We reached the old wolf in time to watch a fierce green fire dying in her eyes. I realized then, and have known ever since, that there was something new to me in those eyes – something known only to her and to the mountain. I was young then, and full of trigger-itch; I thought that because fewer wolves meant more deer, that no wolves would mean hunters’ paradise. But after seeing the green fire die, I sensed that neither the wolf nor the mountain agreed with such a view.
I can’t remember if I ever read this book in it’s entirety before but I studied certain passages of it so much at university that it all blended into one in my memory, so I was super keen to re-read this as part of this discussion series.
Aldo Leopold was a remarkable man, a hunter turned wildlife advocate, his writings have certainly given many an environmental student food for thought. I was first introduced to Leopold by one of my favourite teachers, prof Brian Moss, who evidently held him in extremely high regard – and I can see why. In fact I vividly remember being shocked and upset when asked to study the above passage, I was naïve and its subtle nuances were lost on me initially. Leopold, like all of us, had an impact on the environment, yet he had the sense to acknowledge it and question whether what he did was right, in a time where it was not commonplace to do so.
Leopold was a fantastic writer, colourful, exuberant, passionate, I have long been an admirer, in fact the name of this blog derives from a passage of his, albeit not from this particular book.
It should be noted that unlike other older environmental texts (like Silent Spring that mostly reads like it could have been written yesterday) this book is very much rooted in its time, the vernacular is often dated and there are some analogies that would definitely not be socially acceptable these days. However much of the prose is pure magic, Leopold just got it. He got the importance of the seasons, of ecological balance, of economics. His positions as a forester, farmer and somewhat of a scholar give him a unique and experienced quality that some one firmly rooted in one or other perhaps would not possess.
A Sand County Almanac and Sketches Here and There is a collection of essays first published in 1949 and is split into three parts. The first details a year in the life on Leopold’s Wisconsin farm. The second details observations from elsewhere in the Americas, and the third and most inherently philosophical lays out his Land Ethic. The concept of the land ethic is the idea that community extends beyond the world of men, to incorporate the wider environment and that people can have an ethical and caring relationship with the land.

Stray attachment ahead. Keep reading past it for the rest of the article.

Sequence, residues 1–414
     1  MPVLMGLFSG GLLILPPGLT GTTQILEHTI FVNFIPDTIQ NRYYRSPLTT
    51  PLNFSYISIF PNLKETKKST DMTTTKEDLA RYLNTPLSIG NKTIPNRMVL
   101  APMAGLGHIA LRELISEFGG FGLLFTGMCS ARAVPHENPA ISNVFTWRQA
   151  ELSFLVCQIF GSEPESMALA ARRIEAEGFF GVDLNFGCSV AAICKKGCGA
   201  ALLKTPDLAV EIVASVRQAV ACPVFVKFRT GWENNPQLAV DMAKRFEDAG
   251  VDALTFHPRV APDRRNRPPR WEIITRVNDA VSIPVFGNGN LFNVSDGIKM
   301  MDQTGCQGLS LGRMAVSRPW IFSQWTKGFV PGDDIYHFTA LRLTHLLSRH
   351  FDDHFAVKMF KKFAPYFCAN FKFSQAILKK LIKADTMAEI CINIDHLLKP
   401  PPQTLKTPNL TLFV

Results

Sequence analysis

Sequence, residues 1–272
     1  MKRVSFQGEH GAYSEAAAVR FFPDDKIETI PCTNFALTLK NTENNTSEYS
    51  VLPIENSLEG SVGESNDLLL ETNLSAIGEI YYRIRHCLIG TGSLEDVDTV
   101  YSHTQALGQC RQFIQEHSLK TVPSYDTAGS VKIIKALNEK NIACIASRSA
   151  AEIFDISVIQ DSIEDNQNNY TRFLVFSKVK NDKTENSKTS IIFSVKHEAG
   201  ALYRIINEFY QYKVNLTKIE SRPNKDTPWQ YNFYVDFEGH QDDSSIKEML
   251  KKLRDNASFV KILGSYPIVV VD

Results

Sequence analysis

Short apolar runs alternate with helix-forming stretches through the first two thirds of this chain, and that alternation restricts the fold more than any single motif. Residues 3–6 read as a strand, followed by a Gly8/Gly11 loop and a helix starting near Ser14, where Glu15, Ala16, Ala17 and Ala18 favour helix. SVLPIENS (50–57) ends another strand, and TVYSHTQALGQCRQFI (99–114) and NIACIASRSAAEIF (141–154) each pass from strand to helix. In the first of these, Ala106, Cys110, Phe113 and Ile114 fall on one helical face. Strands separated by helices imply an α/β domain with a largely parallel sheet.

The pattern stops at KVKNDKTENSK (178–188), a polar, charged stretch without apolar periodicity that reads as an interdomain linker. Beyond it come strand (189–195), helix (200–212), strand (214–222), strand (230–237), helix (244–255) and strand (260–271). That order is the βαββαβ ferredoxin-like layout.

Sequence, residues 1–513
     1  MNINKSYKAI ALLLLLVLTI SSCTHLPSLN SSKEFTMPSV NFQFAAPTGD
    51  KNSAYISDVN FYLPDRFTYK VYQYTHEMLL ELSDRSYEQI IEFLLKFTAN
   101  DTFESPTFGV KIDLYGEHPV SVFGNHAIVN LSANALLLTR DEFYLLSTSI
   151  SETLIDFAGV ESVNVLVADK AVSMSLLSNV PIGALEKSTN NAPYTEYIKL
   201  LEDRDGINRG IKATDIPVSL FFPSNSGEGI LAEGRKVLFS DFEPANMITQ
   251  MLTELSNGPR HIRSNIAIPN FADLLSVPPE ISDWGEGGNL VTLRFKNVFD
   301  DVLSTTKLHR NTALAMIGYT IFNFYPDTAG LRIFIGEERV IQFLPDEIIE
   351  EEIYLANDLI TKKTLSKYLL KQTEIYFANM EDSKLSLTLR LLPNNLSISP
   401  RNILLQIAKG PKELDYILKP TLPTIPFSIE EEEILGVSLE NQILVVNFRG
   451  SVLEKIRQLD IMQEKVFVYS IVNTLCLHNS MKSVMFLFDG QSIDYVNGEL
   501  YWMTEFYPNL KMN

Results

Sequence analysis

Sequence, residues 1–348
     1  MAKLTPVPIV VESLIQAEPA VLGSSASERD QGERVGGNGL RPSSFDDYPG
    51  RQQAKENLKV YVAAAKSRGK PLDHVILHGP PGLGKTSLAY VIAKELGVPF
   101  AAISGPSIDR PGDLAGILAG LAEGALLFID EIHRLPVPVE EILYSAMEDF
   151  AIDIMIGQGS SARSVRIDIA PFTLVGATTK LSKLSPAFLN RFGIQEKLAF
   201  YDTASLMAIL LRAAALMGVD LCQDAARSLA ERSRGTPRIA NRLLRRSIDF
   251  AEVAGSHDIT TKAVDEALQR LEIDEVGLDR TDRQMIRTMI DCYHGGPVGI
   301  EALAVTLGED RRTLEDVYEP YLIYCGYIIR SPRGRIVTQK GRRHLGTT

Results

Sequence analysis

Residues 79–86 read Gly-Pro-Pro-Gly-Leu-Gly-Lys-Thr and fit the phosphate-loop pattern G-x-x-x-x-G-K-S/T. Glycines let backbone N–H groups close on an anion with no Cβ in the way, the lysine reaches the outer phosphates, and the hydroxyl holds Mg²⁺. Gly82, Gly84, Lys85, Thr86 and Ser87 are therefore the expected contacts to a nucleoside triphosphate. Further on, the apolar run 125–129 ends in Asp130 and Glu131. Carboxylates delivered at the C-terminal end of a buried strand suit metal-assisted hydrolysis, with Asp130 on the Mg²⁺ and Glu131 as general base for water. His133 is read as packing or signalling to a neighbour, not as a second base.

In short, a land ethic changes the role of Homo sapiens from conqueror of the land-community to plain member and citizen of it. It implies respect for his fellow-members, and also respect for the community as such.
There are many excellent, informed and nuanced examples from his writing but one of the first ones to capture my imagination and leave a lasting image is in the chapter February when he cleverly uses the felling of an oak tree for fire wood not only to illustrate the natural history of its 80 year life but also, in a round about way, describe the carbon and nutrient cycles and highlight our growing disconnect.
“There are two spiritual dangers about not owning a farm. One is the danger of supposing that breakfast comes from the grocery, and the other that heat comes from the furnace”
Leopold argues that even what we perceive as worthless in the environment, really is valuable, both inherently and economically. Different species all have their place in an ecosystem, thus having an indirect value to the economy. I wonder then what he would have made of the current trend in evaluating land with regards to its ecosystem services?
He also realised that in order to get people to care for the land those people needed to maintain their connection with it, a concept now ingrained in the environmental education field.
Civilization has so cluttered this elemental man-earth relationship with gadgets and middlemen that awareness of it is growing dim. We fancy that industry supports us, forgetting what supports industry.
Yet, he also suggested that our interest in “conservation” of the land is one of the very things that causes loss of wilderness. After all, can somewhere be truly wild if it’s littered with paths, hides and interpretation boards?
All conservation of wildness is self-defeating, for to cherish we must see and fondle, and when enough have seen and fondled, there is no wilderness left to cherish.
Sadly Leopold met an untimely end whilst fighting a fire on a neighbouring farm aged just sixty-one, and a year before the publication of A Sand County Almanac and Sketches Here and There. The Aldo Leopold Foundation was set up in 1982 by Leopold’s five children as a non-profit to inspire an ethical, caring relationship between people and nature through his legacy.
With passages that conjure beauty and devastation, A Sand County Almanac and Sketches Here and There truly is a work of genius, Leopold’s philosophy and wisdom still hold a lot of credence today and I would encourage anyone with an interest in the natural world to pick up a copy.
A thing is right when it tends to preserve the integrity, stability and beauty of the biotic community. It is wrong when it tends otherwise.